Why Smokers Have An Increased Risk Of Type 2 Diabetes?

Posted: Mar 9 2016, 9:24am CST | by , in News | Latest Science News


Why Smokers Have An Increased Risk of Type 2 Diabetes?
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  • Link found Between Cigarette Smoking and Type 2 Diabetes

A link was found by researchers between cigarette smoking and type 2 diabetes.

Swedish scientists have found new evidence of beta cells and their ability to secrete insulin. The findings suggest that smokers may be more prone to contracting type 2 diabetes. The study was published in the journal Cell Reports.

The nicotine sensitive receptors in the brain were influencing the release of insulin. A certain gene caused the nicotine receptors to lose their sensitivity thereby also decreasing the receptors in the beta cells of the pancreas.  

This automatically led to a decrease in insulin production and a chance of contracting type 2 diabetes. Normally acetylcholine is involved in the signaling of the beta cells of the pancreas.

However, nicotine plays a part in this process as well. This link between nicotine and beta cells has never been shown before. Those who lack the receptors are at more of a risk of becoming type 2 diabetics.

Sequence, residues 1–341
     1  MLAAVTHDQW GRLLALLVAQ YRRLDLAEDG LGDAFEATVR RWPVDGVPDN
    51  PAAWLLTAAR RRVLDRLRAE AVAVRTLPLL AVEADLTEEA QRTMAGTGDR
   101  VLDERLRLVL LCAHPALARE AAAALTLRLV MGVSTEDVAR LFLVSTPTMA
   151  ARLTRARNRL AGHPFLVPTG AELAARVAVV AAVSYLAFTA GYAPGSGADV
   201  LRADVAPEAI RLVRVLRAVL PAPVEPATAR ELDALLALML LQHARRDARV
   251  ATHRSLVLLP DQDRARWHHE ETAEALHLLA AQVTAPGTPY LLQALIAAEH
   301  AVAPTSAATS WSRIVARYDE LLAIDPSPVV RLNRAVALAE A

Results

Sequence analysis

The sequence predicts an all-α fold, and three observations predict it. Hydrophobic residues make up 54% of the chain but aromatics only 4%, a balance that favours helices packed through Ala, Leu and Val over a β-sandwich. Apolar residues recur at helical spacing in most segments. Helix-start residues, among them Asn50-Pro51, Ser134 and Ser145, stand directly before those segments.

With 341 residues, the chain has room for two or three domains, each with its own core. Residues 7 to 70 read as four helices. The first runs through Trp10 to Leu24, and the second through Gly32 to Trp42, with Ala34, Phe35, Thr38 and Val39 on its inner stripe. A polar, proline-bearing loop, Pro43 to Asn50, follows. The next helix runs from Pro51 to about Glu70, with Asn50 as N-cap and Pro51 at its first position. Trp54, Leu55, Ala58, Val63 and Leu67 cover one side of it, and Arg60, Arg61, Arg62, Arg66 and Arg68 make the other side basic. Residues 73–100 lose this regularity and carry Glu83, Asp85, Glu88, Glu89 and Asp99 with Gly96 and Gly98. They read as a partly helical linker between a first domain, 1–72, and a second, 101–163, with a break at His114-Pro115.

The gene responsible for this scheme of things is none other than MafA (which stands for musculoaponeurotic fibrosacoma oncogene family A).

This gene is found in the beta cells. It controls the nicotine sensitive receptors. As they receive signals from the CNS, they go to work and the results are obvious. 

The discovery of this gene is a game changer. Before this, nothing was known of the link between smoking and type 2 diabetes. Now though it seems the scientists have discovered something of lasting importance.

Smokers may lose their customary ten pounds by starting the unhealthy habit but they are not doing themselves any favors whatsoever. Their chances of contracting type 2 diabetes also grows proportionately as they take to the “cancer stick”.  

Genes play an important role in the human body. There are so many of them that merely beginning to list them is the most hectic process. Still discoveries are being made of new genes and gene markers.

With the finding of MafA, a whole new chapter in the prevention and treatment of diabetes may have begun. The why and wherefore of the diabetes-nicotine connection remains a mystery.

What inner machinations are at work remain to be figured out. What we do know with certainty is that smoking is a bad habit and may cause several more problems than just a chance of ending up in a cancer ward.

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The Author

<a href="/latest_stories/all/all/20" rel="author">Sumayah Aamir</a>
Sumayah Aamir (Google+) has deep experience in analyzing the latest trends.




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